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Public Statements

Statements on Introduced Bills and Joint Resolutions

By:
Date:
Location: Washington, DC

STATEMENTS ON INTRODUCED BILLS AND JOINT RESOLUTIONS -- (Senate - June 08, 2005)

By Mr. OBAMA:

S. 1194. A bill to direct the Nuclear Regulatory Commission to establish guidelines and procedures for tracking, controlling, and accounting for individual spent fuel rods and segments; to the Committee on Environment and Public Works.

Mr. OBAMA. Mr. President, today I introduce a bill that is long overdue and would require American nuclear power plants to follow the same procedures that we would like to impose on nuclear power plants in other countries.

Each year, the Nation's nuclear power plants produce over 2,000 metric tons of spent fuel, which is the used fuel that is periodically removed from nuclear reactors. According to the Government Accountability Office, GAO, spent nuclear fuel is ``one of the most hazardous materials made by humans.'' Within minutes, the intense radiation in the fuel can kill a person without protective shielding; in smaller doses, the fuel can cause cancer.

In the hands of terrorists, such highly radioactive materials, when coupled with conventional explosives, could be turned into a dirty bomb that could pose a critical threat to public safety.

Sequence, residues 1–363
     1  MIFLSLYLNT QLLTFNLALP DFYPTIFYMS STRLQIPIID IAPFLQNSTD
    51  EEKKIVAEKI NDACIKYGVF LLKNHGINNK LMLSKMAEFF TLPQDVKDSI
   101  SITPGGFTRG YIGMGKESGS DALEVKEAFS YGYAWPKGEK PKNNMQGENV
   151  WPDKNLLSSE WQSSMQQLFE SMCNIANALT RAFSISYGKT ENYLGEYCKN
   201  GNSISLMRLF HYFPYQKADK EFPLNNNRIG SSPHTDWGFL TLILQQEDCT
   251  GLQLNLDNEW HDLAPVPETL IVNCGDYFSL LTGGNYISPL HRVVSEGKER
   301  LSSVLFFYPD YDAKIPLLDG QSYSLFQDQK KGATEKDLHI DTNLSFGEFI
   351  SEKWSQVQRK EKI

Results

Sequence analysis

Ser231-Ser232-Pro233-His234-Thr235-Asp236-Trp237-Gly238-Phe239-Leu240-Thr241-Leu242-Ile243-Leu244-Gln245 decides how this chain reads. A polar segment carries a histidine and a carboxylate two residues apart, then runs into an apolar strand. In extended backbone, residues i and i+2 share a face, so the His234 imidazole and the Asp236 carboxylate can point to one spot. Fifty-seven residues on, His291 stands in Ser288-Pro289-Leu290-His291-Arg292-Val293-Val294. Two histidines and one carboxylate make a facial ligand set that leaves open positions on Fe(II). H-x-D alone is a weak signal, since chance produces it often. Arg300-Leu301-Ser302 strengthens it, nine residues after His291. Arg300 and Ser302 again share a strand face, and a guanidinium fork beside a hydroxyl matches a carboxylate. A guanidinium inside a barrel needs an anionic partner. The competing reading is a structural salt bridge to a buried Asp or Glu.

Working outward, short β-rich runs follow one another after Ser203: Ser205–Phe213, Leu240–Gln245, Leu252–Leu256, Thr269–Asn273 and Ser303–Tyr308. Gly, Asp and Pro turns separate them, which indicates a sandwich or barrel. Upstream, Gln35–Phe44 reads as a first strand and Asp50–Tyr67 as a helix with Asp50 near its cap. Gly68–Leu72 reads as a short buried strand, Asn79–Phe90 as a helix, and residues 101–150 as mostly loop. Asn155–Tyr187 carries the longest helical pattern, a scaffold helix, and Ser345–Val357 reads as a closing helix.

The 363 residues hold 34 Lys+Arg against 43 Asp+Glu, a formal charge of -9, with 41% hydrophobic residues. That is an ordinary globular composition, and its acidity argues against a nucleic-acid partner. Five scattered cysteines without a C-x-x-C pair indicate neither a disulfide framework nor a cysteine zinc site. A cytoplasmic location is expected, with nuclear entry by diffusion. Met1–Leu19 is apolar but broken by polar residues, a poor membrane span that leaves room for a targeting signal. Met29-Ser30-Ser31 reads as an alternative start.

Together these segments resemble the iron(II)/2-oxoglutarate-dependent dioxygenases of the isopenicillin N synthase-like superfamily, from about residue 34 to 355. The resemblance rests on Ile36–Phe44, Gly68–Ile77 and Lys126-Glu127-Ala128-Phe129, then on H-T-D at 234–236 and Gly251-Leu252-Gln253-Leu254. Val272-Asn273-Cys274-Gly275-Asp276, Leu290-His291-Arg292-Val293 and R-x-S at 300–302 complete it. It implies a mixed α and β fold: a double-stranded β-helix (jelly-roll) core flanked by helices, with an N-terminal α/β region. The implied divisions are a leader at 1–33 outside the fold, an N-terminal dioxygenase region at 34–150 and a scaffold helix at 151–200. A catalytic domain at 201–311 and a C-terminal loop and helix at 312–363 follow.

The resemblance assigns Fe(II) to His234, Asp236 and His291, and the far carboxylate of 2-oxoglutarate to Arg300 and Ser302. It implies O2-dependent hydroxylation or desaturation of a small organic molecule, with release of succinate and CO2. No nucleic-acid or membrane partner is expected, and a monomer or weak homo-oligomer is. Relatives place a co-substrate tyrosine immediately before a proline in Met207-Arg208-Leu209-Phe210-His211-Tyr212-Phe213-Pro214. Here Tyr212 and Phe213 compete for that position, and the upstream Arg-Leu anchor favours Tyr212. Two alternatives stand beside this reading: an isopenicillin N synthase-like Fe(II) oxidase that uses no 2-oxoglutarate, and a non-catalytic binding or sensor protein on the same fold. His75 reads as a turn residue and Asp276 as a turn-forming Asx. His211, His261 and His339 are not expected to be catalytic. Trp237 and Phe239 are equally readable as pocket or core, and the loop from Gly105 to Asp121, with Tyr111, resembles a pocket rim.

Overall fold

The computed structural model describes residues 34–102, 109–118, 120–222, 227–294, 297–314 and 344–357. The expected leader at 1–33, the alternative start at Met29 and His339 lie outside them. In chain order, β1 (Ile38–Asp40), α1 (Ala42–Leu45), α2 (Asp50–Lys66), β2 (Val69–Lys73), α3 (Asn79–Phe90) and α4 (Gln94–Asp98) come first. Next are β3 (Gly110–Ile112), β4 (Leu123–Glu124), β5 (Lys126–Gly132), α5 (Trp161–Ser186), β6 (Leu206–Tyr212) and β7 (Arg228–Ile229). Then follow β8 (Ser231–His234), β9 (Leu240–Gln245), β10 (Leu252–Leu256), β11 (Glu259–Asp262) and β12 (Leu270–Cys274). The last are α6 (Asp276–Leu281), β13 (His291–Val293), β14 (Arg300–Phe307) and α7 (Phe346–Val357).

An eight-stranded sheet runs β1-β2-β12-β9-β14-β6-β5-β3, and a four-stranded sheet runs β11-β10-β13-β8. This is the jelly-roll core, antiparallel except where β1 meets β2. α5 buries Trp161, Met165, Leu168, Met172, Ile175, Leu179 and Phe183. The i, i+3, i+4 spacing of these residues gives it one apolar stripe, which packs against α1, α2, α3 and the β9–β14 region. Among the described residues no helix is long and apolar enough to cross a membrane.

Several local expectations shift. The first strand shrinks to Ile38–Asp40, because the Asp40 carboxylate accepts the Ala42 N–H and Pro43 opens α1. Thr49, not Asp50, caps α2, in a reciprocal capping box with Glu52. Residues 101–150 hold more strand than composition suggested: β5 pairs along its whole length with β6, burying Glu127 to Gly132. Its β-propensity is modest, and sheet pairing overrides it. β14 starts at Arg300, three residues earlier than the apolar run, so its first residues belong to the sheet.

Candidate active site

In April of this year, GAO issued a report concluding that ``[n]uclear power plants' performance in controlling and accounting for spent nuclear fuel has been uneven.'' In recent years, three U.S. nuclear power plants--Millstone, Vermont Yankee, and Humboldt Bay--have reported missing spent fuel. The Millstone fuel was never located, the Vermont Yankee fuel was located three months later in a different location, and the Nuclear Regulatory Commission (NRC) is still investigating the missing Humboldt Bay fuel. In all three cases, the missing spent fuel had been contained in loose fuel rods or fuel rod segments.

Currently, NRC provides little or no guidance on how nuclear power plants should conduct physical inventories of their spent fuel or how they must control, store, and account for loose spent fuel rods and fragments. NRC also does not conduct routine inspections to monitor compliance with regulations relating to spent fuel.

As a result of its investigation, GAO made a series of recommendations for how NRC should improve its regulation and oversight. My bill--the Spent Nuclear Fuel Tracking and Accountability Act--would implement those recommendations and require NRC to establish: 1. specific and uniform guidelines for tracking, controlling, and accounting for spent fuel rods or segments; and 2. uniform inspection procedures to verify compliance with these guidelines. Within six months, NRC would be required to report to Congress on its progress in establishing these guidelines.

Tracking spent nuclear material used in the United States is just as important as tracking spent nuclear material in the former Soviet Union. This is a common-sense solution to an important problem.

I urge my colleagues to support this measure.

I ask unanimous consent that the text of the bill be printed in the RECORD.

There being no objection, the bill was ordered to be printed in the RECORD, as follows:

S. 1194

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